Some higher education institutions, like Montgomery College, a community college with around 54,000 students, have decided to make students individually request aid. Montgomery College’s form requires students to give their name, ID number, funding needed, information for an advocate and a rationale for funding. Each student’s financial need will be evaluated based on the information the student gave and the responsiveness of the student’s advocate.
UC Davis’ Director of News and Media Relations Melissa Lutz Blouin said via email that the university experienced over $80 million in unanticipated losses over the past month.
Ratliff said the financial losses were related to extra costs required to move the university to a remote environment, pay university staff and faculty, offer 600 loaner laptops to students, provide access to course materials without fees and backsell department fees.
At least 100 of those laptops loaned to students were paid for through donations, according to a previous article published in The Aggie about the program.
Ratliff added that Student Housing anticipates at least $30 million in losses and said the university needed to allocate a portion of CARES Act funds there in order to prevent steeper fee increases in the future.
“The things we’ll do with CARES Act funds are related to the university mission, and some are connected to students at large,” Ratliff said.
Undocumented students can receive money through other non-federal sources. Gov. Gavin Newsom announced a $75 million Disaster Relief Fund on April 15 that would support undocumented Californians who are ineligible for disaster relief due to their immigration status.
The press release from Newsom’s office states that around 150,000 undocumented adults in California will receive a one-time $500 per adult benefit, with a cap of $1,000 per household. The process will be application-based.
Though there is currently a lawsuit against the fund, undocumented and DACA students will still be able to apply for grants through the AB540 and Undocumented Student Center on campus.
Mayra Llamas, the executive director of the Community Resource and Retention Centers, said that even before the pandemic, the center had already facilitated emergency grants for students, which are application-based and restricted to once a year, with $500 being the maximum amount given out.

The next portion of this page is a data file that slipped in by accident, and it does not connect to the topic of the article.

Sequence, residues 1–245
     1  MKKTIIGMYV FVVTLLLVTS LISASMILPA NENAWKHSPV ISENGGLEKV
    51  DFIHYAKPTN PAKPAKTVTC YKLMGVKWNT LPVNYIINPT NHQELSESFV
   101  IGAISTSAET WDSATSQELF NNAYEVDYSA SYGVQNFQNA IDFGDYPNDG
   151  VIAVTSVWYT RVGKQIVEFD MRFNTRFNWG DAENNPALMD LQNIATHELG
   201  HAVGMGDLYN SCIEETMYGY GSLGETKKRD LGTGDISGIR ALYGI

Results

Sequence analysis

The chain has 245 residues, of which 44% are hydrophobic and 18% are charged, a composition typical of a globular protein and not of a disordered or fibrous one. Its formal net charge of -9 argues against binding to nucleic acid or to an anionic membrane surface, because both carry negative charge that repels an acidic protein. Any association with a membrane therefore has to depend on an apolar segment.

As soon as the staff knew that remote instruction would be administered during Spring Quarter, they decided to increase their funding allocation for emergency grants, lifting the $500 cap and the once-a-year application restriction.
“We could immediately see the potential that students may need more aid due to wage loss, especially families and students losing their jobs, folks in Davis who were working in part-time jobs and for those whose jobs no longer existed,” Llamas said.
Llamas added that the additional funding came from a reallocation from a mentorship and professional development program from the center that could no longer be hosted in the spring.
Llamas said the center has also been working with the Aggie Compass team to refer students to their resources, including a rent support grant, and that since January close to 65 students have been taking advantage of monthly food vouchers provided through the Basic Needs Program for students who don’t qualify for CalFresh.
“We are very open to supporting students as much as possible — we are offering emotional and legal support, but we’re seeing that students need that tangible support with their finances,” Llamas said. “Students are expressing to us that this [financial aid] is what they need right now.”
Ratliff echoed Llamas’ call for feedback.
“As decisions get made, I hope you’ll find that we’re very transparent,” Ratliff said. “If there’s something you want to know, just ask. There’s so much fear and so much for people to figure out and we want you all to have the best resources.”
Written by: Janelle Marie Salanga — email@example.com